Vasile Simileanu: How do you interpret the new Russia-Turkey-Iran-Azerbaijan-Armenia theater?
Daniel Pipes: The Azerbaijan-Armenia conflict drives this theater, with Turkey unequivocally supporting its fellow Turkic-speakers in Azerbaijan, Iran more reluctantly supporting Christian Armenia, and Russia exploiting the situation to forward its own interests. Israel is the wild card here, for it morally and strategically should align with Armenia but instead supports Azerbaijan.
Vasile Simileanu: What about the Russia-Turkey-Iran partnership?
Daniel Pipes: It’s a big like talking about the German-Italy-Japan partnership in World War II; in both cases, the trio share little that is constructive; mostly, they share opposition to common enemies. That will not get them or their alliance very far.
Vasile Simileanu: Will Turkey leave NATO to join Russia in creating a new geo-strategic alliance?
Daniel Pipes: No, the Turkish leadership wishes to play off the two sides and NATO membership helps greatly to maintain a balance. By the way, this fits into a larger Muslim impulse toward neutralism. As I wrote 40 years ago: “Nasser epitomized this tendency when he played the United States and Soviet Union off against each other, knowing just how far he could go, extracting maximum benefits from both sides. It has been mostly Muslim leaders who have emulated him in this characteristically Muslim skill—for example, in Algeria, North Yemen, and pre-1978 Afghanistan.” This pattern goes back to a Muslim wariness of getting too close to foreign powers.
Vasile Simileanu: Given its military base in Djibouti and its economic ambitions, what are the implications of China’s rise for the Middle East?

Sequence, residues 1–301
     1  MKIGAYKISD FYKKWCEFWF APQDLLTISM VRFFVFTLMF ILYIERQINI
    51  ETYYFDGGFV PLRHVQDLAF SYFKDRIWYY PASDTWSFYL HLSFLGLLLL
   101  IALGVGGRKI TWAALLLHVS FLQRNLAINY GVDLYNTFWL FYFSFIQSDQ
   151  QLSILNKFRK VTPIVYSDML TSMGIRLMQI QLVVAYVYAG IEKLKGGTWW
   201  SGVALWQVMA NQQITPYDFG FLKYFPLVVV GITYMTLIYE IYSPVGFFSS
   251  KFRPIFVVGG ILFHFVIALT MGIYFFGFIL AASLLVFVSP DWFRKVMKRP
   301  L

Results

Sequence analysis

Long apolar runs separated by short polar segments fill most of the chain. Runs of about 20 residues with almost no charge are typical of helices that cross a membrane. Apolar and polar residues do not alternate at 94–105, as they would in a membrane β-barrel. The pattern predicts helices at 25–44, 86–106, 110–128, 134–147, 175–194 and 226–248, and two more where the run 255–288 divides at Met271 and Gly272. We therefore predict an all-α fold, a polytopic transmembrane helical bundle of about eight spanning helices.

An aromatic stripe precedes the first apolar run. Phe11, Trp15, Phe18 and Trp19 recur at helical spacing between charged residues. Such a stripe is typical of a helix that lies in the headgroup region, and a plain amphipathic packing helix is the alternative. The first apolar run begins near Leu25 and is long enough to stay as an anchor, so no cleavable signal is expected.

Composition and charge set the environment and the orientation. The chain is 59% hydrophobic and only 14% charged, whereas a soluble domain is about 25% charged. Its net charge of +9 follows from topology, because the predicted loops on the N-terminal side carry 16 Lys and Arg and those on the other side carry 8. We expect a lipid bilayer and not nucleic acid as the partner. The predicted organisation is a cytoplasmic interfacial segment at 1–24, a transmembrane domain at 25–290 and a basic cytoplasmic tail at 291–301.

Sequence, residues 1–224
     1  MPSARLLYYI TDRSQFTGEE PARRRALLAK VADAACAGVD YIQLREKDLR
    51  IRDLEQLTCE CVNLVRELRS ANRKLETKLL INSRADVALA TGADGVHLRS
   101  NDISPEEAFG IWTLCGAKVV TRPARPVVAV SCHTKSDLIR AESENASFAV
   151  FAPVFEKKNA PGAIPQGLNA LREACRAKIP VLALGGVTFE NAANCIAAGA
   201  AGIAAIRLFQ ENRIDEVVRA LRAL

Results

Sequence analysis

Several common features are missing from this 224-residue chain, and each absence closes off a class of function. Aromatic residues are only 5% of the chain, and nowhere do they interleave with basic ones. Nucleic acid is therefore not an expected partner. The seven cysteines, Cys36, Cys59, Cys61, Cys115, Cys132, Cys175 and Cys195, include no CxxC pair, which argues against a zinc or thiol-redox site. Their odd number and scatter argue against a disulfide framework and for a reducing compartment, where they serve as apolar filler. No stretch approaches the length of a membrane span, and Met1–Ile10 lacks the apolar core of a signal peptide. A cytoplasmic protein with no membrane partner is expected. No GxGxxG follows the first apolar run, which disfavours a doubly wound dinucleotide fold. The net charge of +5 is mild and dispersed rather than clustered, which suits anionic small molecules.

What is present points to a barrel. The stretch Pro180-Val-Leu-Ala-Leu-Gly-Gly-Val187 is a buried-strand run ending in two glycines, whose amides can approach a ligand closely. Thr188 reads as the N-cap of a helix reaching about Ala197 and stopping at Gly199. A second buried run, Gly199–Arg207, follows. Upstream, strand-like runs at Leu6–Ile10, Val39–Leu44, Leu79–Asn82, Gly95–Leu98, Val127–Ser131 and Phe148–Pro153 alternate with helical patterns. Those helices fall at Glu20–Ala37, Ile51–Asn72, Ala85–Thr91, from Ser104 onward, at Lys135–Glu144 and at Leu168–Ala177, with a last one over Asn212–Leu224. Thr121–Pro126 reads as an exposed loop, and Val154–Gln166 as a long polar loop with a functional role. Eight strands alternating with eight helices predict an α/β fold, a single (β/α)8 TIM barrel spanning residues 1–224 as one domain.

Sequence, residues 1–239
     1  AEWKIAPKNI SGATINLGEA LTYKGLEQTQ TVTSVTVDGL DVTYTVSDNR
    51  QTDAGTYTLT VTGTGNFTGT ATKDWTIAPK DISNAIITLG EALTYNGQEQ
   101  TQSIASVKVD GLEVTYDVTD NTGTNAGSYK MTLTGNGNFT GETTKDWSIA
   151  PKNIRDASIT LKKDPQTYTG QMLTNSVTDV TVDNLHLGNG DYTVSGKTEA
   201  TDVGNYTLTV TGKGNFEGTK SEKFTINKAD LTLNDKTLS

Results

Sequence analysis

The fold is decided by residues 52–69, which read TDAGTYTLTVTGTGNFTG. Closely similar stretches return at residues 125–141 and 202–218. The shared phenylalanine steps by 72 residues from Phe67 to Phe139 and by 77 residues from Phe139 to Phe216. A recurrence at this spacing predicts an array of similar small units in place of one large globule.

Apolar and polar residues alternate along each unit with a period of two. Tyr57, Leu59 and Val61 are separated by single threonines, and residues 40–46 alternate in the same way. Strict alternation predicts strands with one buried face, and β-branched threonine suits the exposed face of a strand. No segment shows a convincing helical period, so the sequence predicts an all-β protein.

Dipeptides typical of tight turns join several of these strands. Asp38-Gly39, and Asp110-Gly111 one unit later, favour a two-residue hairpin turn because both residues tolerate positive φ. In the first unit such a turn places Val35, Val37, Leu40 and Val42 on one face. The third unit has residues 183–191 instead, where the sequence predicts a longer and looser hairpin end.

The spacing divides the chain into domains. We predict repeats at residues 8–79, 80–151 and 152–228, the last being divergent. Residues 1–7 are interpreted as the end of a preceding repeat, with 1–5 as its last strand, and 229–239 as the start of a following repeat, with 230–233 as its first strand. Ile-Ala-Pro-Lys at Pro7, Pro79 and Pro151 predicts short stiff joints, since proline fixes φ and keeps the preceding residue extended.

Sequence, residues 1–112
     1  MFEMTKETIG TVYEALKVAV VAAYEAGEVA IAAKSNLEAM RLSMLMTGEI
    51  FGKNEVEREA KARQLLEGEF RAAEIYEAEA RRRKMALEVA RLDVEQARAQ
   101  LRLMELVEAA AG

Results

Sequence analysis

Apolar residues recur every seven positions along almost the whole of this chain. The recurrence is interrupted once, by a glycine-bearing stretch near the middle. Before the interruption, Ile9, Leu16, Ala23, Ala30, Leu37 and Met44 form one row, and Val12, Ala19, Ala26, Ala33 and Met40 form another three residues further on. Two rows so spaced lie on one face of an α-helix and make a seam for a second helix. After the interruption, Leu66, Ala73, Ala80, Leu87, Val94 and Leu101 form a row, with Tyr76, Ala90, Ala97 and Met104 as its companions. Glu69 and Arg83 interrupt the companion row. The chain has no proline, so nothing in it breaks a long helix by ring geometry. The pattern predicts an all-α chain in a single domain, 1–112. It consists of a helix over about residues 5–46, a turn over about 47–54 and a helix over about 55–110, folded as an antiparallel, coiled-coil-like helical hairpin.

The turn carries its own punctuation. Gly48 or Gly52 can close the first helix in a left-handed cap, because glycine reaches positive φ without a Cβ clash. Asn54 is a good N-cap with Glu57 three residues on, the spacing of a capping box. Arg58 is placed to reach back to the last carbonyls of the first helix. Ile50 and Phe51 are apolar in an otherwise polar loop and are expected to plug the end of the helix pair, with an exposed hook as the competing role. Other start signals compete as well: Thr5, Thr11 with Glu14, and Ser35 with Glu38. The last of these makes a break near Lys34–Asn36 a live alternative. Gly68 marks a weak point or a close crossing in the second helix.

Daniel Pipes: As elsewhere around the globe, the Chinese Communist Party is patiently laying the groundwork in the Middle East to achieve greater influence in the future by making friends, learning local circumstances, and building economic infrastructure. Whether this will work out as planned is an open question, however, as China’s heavy-handedness has prompted a growing populist and governmental backlash.
Vasile Simileanu: Do you agree that the Middle East and North Africa (MENA) includes several stable state actors (Egypt, Jordan, Saudi Arabia, the United Arab Emirates) opposed to the interference of Turkey, Iran, Russia, and China?
Daniel Pipes: Yes, I do. Or, seen from an American perspective, the majority of the region’s states are basically friendly.
Vasile Simileanu: Terrorism and the regional conflicts in the MENA have had a global impact. Will this continue or diminish?
Daniel Pipes: Violence is a main feature of life in the region; and while that violence itself has not diminished (think Libya, Syria, Yemen), it does seem to have less impact on the outside world. Perhaps reduced need for hydrocarbons, airport security, and “Fortress Europe” have managed to keep it at more contained.
Vasile Simileanu:The region contains many conflicts – Arab-Israel, Lebanon, Syria, Iraq, Yemen, Afghanistan: do you have general ideas how to resolve them?
Daniel Pipes: No, sadly. I note, however, that the region’s conflicts go back to the special Muslim difficulty in adapting to modernity. While there is some progress in this regard, such as the decline in Islamism, the general problem remains unabated.
Vasile Simileanu: What are your views on MENA’s medium- and long-term developments?
Daniel Pipes: As someone who has studied the Middle East since 1969, I have learned that it is a good career move to be pessimistic. So, I predict new problems replacing and added to the old ones.
Vasile Simileanu: What are the main challenges facing today’s world?
Daniel Pipes: Here’s how I anticipated that question in a recent tweet: electromagnetic pulse, the Chinese Communist Party, Islamism, the Global Left, and declining birth rates except in the most problematic places (Africa in particular). I added that climate change does not scare me.